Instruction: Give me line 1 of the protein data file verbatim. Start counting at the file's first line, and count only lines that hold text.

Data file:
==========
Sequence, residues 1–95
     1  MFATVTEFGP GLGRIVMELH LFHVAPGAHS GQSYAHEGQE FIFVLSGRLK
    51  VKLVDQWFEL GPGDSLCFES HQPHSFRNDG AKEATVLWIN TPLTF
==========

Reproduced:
Sequence, residues 1–95